Iowa sees increasing numbers of raccoons amid less trapping

Iowa sees increasing numbers of raccoons amid less trapping

CEDAR RAPIDS, IOWA “Virtually every experienced wildlife control specialist has a good raccoon story or two.

Some incidents showcase the skill and finesse of the nocturnal creature. Wildlife biologist Joe Taylor recalled a case that stood out at his company, Paw Control Wildlife Solutions in Hiawatha.

“The raccoons…went to the basement, climbed the stairs and ate from the bowl of cat food. (The owners) couldn’t imagine this sort of thing being possible anywhere,” he said. “I must have laughed a bit – I hadn’t thought of that one.”

Others who have suffered greater levels of destruction are not laughing so much. For wildlife control specialists like Ben Stutzman, raccoon calls were among his most memorable with Catch’em Critters at Wellman.

After growing up in the countryside with a raccoon who mixed in with his family’s cats, he’s seen the best and worst of little bandits. Sometimes they break into porches to steal bird food or set up community latrines on the deck.

Other times, their determination puts human engineering to shame. A call early in her career was about a mother raccoon who had become separated from the den she made with her offspring in a house. After returning from an outing, she found her usual ventilation inlet blocked with plywood by owners who thought they could fix the problem on their own.

“She decided she was going to come in on her own,” Stutzman told the Cedar Rapids Gazette. So the raccoon started by ripping the shingles off the roof where the attached garage met the house. When she found tarps underneath, she continued. Eventually, she chewed through the metal soffit to find her young.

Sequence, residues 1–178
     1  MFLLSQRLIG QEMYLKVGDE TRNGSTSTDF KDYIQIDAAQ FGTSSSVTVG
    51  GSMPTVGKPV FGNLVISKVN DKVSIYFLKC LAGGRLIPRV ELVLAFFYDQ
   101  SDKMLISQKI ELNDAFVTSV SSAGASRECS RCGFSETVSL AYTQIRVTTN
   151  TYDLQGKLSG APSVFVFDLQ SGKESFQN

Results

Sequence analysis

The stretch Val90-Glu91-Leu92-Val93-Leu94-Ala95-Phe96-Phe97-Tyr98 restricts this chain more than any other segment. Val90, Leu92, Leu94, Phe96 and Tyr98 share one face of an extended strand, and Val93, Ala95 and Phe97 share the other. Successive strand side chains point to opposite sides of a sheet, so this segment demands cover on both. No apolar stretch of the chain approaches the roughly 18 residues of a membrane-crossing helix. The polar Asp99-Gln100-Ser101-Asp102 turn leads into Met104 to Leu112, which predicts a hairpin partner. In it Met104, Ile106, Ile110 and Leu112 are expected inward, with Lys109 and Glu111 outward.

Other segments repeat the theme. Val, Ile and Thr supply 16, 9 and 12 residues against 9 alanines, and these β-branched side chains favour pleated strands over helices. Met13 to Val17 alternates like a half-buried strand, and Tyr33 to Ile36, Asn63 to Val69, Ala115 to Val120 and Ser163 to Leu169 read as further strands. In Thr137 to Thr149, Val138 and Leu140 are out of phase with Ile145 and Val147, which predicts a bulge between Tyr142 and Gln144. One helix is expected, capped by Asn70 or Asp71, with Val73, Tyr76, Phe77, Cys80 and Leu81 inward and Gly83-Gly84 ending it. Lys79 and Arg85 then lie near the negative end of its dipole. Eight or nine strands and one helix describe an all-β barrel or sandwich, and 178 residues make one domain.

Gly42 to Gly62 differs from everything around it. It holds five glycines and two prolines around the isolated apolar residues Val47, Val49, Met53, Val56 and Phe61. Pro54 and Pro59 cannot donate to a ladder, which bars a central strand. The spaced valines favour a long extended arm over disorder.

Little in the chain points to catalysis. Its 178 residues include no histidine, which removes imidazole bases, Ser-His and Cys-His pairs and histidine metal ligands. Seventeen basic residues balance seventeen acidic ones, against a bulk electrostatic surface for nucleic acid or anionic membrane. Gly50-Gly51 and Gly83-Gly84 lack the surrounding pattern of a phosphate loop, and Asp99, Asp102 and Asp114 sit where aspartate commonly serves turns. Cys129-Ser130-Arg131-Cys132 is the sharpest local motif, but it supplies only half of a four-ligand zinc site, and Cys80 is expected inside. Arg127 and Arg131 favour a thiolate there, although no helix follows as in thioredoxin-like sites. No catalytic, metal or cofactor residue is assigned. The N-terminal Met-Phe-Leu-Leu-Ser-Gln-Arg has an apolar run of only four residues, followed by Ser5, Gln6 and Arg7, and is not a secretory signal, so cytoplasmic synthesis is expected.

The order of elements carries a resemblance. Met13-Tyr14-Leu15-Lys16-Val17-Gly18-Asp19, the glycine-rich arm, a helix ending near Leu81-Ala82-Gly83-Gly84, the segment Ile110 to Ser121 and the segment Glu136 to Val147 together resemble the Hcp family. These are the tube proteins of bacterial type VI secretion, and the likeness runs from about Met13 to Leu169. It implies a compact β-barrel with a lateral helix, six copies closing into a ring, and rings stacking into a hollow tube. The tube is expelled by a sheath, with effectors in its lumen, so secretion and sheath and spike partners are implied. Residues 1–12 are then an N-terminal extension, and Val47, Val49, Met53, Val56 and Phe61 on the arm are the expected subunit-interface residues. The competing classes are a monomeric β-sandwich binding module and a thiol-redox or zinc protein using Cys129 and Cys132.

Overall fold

“Raccoons are really tough. They are amazing survivalists,” said Stutzman, who has run his wildlife solutions business for 11 years. “I saw where they chewed up 2 by 4 studs to cross a wall laterally.”

With the raccoon population in Iowa nearly tripling since 2006, more and more homeowners are aware of their own raccoon stories.

In 2006, the Iowa Department of Natural Resources counted 2,417 raccoons in its nighttime surveys in all of Iowa’s 99 counties. This year it had 6,486 – an increase of more than 268% in the last 16 years and a 23% increase in the last year alone, despite localized outbreaks of the deadly distemper virus.

County data shows Benton and Iowa counties with some of the highest counts in the state. More urban counties, like Linn and Johnson, tend to have lower counts.

From 2019 to 2020, Joe Taylor’s Paw Control Wildlife Solutions saw a 52% increase in raccoon calls. In addition to a larger spike this fall than in previous years, the overall increase in raccoon calls has held steady over the past three years for his business.

Each year, Paw Control responds to more than 100 raccoon calls and captures hundreds.

Stutzman’s more rural business hasn’t seen a noticeable increase in raccoon-specific calls, but he’s heard from others who have attracted hundreds of raccoons to their cornfields. Raccoons make up about 25% of his calls.

“For the past couple of years, I’ve been hearing astronomical numbers from these (cornfields),” he said. “So I know the population is up and doing well.”

State Representative Dean Fisher, a Tama County Republican representing House 72 District, knows the devastation of the loss of sweet corn to raccoons. After years of losing sweet corn just before harvest, he started hearing from constituents suffering major damage.

A farmer, he said, suffered $10,000 damage to a combine harvester when he started it after a raccoon climbed inside. Another found dozens of raccoons in a cattle feeder.

He hopes the stalled legislation, which he plans to reintroduce in the next session, will help farmers who think Iowa’s current DNR allowances for killing pest animals aren’t enough.

“You can’t stay out 24 hours a day to see when one of these creatures enters your field,” he said. “You have to eradicate them in your area first, take preventive measures to thin out the population before the damage even begins.”

Current state rules allow raccoons to kill outside of their short hunting season only when they are considered a nuisance. A common refrain Fisher hears from farmers is “pull it, shovel it and shut up.”